Major League Soccer is the latest American-based sports league to launch a voting initiative ahead of November’s presidential election.
MLS, is players association and the Black Players for Change coalition announced the plan, dubbed MLS Unites to Vote, on Thursday. The non-partisan effort is designed to help MLS players, staff and fans register and vote in the upcoming general election.
“Participation in local and national elections is one of the most important responsibilities we have as citizens,” MLS commissioner Don Garber said in a press release. “Major League Soccer and our players recognize the opportunity we have to leverage our platform to amplify the importance of voting. We hope to inspire MLS fans and the entire soccer community to educate themselves about the voting process, register to vote, and vote on Election Day.”
To that end, the league’s Manhattan headquarters as well as front offices and training facilities operated by the 26 MLS teams will be closed Nov. 3 so that employees can go to the polls.
Some individual MLS clubs also announced their own plans in the lead up to Election Day. Atlanta United will register its 11 eligible players by next week. LAFC’s stadium is a registered polling location for the general election, as is the venue the Seattle Sounders share with the NFL’s Seahawks. Minnesota United’s home will be the main ballet drop-off point in that state’s second-largest county.
Last month, the NBA and its players union said that that league’s arenas would be used as polling stations across the country, an agreement that was reached after a brief “wildcat” strike that resulted in the postponement of several NBA playoff games. Meantime, the NCAA announced Wednesday that Division 1 college athletes would be given Election Day off to make it easier for them to vote.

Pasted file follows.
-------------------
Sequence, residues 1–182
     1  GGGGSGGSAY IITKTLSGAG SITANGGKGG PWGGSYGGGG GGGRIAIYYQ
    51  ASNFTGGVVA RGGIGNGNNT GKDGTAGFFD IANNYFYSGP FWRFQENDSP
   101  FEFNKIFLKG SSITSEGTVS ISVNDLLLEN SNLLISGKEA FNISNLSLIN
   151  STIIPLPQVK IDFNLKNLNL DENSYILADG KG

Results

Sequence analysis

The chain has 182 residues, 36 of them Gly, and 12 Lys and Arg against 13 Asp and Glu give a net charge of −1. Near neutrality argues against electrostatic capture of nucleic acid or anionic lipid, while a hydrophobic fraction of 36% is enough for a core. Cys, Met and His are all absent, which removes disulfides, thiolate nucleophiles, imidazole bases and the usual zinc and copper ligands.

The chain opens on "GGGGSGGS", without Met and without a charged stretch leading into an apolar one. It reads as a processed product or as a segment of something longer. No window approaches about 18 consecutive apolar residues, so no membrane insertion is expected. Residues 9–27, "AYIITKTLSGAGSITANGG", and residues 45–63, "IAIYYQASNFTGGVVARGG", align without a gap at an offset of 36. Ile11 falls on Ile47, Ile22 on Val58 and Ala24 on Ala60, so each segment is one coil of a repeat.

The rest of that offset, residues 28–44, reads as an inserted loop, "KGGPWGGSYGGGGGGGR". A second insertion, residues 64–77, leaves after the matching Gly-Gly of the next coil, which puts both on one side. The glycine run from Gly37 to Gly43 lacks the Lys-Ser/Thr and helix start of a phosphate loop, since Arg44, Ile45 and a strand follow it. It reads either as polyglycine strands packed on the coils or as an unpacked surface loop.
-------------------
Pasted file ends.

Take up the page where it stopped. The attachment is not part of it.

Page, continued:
“By standing up as strong champions for nonpartisan civic participation, professional sports leagues, teams and players are helping to create a future where voting is celebrated and all Americans make their voices heard,” said Steven Levine, the director of Civic Alliance, a nonpartisan network of more than 200 companies, including MLS, that encourages voter participation.
Black Players for Change, created in June amid the social unrest that gripped the country in the wake of unarmed African-American man George Floyd’s murder while in police custody in Minnesota, was instrumental in shaping MLS’s idea. In its discussions with league owners and executives, the BPC homed in on voter registration as a key part of their effort to bring about societal change.
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